Entertainment

Sounds Against Slavery Interview – Kwoli Black

Sounds Against Slavery is a charity concert organised by the Rights Lab, the first large-scale modern day slavery research team, and the Anti-Slavery Society here at the University of Nottingham. Slavery is still a modern day problem, and the Rights Lab are determined to investigate the issue and why it exists.

Funds will be raised for Survivor Alliance, a charity devoted to helping survivors of human trafficking and slavery around the world. We were lucky enough to talk to one of the musicians playing at Sounds Against Slavery, Kwoli Black, ahead of the concert.

Hi! How are you today?

Hello, I’m doing great thank you very much.

What do you study and what year are you in?

I study American Studies and English and I am in my final year.

“I guess the music encompasses the ideal of freedom, so to describe my music I guess it makes sense to call it ‘free'”

How would you describe the music that you create?

Hmm, good question. I guess the music encompasses the ideal of freedom, so to describe my music I guess it makes sense to call it “free”… but you still have to stream it so it’s not free in every sense! I’m eclectic for sure, I don’t know what a genre is.

Who are your biggest musical influences? 

My biggest musical influences kind of range from different spheres of music, but I suppose the biggest lately have to be Kendrick Lamar, J. Cole, Earthgang and Kojey Radical.

If you could only pick one album to listen to for the rest of your life, what would it be and why?

One album for the rest of my life? Hmm… To Pimp A Butterfly by Kendrick Lamar. I feel like that album is honestly the greatest hip hop album ever created. It teaches so much and its soundscape is so vast I feel like every time I listen to it I learn something new.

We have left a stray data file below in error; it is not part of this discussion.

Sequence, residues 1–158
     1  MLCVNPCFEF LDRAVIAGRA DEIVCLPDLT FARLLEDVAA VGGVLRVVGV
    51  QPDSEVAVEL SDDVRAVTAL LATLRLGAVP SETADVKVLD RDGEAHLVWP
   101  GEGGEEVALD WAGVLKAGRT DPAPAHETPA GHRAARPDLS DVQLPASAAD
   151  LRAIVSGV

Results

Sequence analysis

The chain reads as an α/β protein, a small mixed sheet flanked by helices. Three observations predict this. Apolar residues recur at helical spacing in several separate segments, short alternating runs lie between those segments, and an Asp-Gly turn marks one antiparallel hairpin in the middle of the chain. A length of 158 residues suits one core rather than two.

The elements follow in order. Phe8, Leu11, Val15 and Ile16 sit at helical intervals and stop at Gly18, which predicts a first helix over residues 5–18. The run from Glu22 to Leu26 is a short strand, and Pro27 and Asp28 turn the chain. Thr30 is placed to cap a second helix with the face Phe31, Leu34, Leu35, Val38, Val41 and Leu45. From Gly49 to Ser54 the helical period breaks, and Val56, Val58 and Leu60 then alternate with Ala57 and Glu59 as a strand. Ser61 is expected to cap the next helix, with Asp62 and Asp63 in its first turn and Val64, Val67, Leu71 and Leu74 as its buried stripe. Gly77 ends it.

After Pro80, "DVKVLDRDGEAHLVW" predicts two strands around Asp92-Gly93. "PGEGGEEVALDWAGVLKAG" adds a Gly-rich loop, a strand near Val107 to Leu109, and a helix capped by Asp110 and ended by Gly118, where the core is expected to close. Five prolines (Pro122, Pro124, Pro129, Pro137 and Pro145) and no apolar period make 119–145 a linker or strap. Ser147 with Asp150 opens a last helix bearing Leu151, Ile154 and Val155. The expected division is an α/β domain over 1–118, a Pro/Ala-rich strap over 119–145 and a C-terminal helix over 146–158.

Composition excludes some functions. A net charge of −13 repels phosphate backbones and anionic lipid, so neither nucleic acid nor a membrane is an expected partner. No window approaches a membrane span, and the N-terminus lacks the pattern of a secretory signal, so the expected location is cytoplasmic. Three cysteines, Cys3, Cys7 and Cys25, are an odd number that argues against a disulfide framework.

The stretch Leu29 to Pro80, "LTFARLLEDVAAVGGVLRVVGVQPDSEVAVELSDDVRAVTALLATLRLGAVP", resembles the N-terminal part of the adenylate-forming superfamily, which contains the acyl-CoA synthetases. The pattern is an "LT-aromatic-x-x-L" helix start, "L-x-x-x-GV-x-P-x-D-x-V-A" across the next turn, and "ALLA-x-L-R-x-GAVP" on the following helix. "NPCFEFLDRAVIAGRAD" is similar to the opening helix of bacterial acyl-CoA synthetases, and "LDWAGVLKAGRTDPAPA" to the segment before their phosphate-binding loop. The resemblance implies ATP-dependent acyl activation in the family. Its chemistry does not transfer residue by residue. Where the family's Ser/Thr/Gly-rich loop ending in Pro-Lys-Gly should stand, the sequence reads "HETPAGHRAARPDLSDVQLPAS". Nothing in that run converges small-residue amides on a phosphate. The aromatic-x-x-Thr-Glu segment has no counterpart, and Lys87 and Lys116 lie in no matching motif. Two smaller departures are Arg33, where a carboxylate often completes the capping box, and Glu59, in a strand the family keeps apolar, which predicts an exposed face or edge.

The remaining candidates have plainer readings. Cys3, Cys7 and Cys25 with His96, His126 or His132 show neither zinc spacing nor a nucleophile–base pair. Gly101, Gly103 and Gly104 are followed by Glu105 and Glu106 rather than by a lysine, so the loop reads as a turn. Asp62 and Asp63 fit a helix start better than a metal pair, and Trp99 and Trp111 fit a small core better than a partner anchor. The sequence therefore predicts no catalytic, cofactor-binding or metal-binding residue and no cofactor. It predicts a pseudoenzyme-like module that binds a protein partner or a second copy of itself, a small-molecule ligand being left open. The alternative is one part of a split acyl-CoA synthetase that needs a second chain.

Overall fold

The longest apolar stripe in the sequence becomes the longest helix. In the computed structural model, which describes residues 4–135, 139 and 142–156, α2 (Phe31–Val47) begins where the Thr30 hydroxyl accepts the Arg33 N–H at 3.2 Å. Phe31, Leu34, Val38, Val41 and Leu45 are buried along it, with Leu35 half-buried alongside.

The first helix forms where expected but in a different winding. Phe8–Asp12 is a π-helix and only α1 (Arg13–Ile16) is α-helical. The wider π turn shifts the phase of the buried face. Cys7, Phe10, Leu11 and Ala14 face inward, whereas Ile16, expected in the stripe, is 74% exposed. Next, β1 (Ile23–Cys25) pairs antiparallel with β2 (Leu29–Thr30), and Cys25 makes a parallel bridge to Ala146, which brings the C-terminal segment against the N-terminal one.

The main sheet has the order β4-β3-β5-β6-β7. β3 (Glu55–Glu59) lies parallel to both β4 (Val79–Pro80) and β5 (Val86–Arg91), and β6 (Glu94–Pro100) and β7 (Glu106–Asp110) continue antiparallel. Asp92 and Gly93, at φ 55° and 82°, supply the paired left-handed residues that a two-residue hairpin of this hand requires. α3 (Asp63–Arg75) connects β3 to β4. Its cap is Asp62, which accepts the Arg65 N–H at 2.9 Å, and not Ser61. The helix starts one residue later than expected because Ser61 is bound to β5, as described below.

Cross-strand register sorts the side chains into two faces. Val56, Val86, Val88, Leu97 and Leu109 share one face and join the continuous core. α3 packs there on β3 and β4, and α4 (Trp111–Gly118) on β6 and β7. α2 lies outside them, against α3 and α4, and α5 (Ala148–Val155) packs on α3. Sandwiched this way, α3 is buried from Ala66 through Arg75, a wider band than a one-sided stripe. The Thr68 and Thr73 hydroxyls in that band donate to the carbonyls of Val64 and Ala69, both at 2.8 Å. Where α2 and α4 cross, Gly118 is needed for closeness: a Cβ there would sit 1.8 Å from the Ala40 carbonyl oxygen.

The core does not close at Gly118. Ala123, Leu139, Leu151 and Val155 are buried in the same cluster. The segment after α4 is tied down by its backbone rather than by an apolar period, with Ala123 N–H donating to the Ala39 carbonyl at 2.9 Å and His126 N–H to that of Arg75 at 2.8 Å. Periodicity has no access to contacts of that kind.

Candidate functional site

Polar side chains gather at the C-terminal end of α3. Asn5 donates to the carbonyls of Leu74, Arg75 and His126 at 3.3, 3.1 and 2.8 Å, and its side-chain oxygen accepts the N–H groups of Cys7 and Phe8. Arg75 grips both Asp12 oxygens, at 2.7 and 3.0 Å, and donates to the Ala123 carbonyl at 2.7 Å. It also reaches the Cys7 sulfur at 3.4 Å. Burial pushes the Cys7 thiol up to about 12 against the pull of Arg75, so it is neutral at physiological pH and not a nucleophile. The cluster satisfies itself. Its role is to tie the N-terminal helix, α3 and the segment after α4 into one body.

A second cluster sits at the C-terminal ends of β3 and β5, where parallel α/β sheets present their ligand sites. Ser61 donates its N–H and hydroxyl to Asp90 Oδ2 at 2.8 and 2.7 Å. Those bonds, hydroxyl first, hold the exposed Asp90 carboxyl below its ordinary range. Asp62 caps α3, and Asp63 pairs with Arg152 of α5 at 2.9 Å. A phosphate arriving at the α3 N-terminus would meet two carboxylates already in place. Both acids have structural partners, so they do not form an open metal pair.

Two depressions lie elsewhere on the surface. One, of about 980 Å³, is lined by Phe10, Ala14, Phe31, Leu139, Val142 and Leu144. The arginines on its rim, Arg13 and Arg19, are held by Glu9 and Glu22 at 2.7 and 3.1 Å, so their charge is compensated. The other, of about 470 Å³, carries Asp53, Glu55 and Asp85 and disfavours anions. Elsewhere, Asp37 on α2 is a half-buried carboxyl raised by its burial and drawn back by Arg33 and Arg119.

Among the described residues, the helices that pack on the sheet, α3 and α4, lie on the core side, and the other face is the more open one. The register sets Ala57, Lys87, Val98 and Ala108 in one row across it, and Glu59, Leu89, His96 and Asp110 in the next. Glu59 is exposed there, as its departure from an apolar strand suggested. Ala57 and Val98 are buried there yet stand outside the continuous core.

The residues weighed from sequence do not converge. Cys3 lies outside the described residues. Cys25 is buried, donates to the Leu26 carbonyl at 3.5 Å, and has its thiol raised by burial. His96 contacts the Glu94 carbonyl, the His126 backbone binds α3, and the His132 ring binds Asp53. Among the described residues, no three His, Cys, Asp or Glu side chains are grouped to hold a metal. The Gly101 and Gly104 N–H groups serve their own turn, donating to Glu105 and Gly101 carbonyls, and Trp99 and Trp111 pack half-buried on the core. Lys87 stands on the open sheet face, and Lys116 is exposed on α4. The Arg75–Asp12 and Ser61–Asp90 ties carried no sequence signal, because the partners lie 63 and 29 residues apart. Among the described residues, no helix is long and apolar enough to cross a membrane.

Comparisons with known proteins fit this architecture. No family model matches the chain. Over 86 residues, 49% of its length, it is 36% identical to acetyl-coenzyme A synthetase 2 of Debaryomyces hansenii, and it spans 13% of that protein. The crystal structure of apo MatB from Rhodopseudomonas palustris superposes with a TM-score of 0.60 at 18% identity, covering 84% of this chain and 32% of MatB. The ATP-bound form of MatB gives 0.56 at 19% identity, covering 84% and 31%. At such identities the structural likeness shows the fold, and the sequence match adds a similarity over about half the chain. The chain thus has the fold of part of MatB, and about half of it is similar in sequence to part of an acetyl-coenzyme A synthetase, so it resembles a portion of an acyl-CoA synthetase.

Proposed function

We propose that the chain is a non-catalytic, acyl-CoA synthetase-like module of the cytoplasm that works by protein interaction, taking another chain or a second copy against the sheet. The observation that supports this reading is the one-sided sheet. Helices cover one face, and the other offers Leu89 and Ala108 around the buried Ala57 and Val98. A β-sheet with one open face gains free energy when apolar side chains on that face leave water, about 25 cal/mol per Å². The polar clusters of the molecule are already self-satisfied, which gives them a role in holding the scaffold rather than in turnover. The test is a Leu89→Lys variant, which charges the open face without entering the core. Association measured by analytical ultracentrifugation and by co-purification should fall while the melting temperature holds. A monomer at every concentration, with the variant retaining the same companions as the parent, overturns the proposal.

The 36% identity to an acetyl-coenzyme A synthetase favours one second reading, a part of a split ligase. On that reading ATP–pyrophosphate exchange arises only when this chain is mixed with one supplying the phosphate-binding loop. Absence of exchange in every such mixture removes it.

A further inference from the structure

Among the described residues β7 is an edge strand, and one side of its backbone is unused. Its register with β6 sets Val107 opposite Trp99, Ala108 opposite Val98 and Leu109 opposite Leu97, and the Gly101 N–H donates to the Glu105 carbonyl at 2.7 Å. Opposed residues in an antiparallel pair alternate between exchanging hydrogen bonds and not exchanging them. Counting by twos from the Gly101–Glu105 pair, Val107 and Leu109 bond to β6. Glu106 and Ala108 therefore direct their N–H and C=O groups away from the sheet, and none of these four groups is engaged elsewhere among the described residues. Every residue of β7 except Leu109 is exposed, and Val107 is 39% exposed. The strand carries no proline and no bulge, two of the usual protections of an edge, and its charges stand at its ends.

“Music has an innate ability to garner attention and deliver a profound message”

Who’s your favourite musician at the moment?

I don’t know if I have a favourite artist at the moment. Listening to a lot of Snoh Alegra; she’s dope and she’s fine.

Why did you decide to play at Sounds Against Slavery?

Sounds Against Slavery and I go way back. I think they gave me one of my first gig opportunities 2/3 years ago. I want to repay the faith with my last gig as a student.

“We have a duty as human beings to care for the rights and safety of one another.”

Do you think musical events like these are important to gain awareness for issues like modern day slavery? 

Music has an innate ability to garner attention and deliver a profound message. I feel like when music is used to spread a message as important as modern day slavery as well as raise awareness it transcends being ‘just music’. Concerts like these are important to me as both artist and fan.

What would you like audience members to take away from Sounds Against Slavery?

To take away? Firstly that slavery still goes on ‘til this day; not only does it affect those involved but it affects us too. We have a duty as human beings to care for the rights and safety of one another. Freedom is a God given right we are all deserving of. Secondly, take away from the gig that Kwoli Black is one of the dopest artists in the game, and if you don’t follow him now you’re going to eventually!

Hannah Pickard

This year’s Sounds Against Slavery event is being held at Rough Trade Nottingham on 1st April, 6:30pm. Tickets can be found here. All proceeds go towards Survivor Alliance.

Featured image courtesy of Amelia Watkins.

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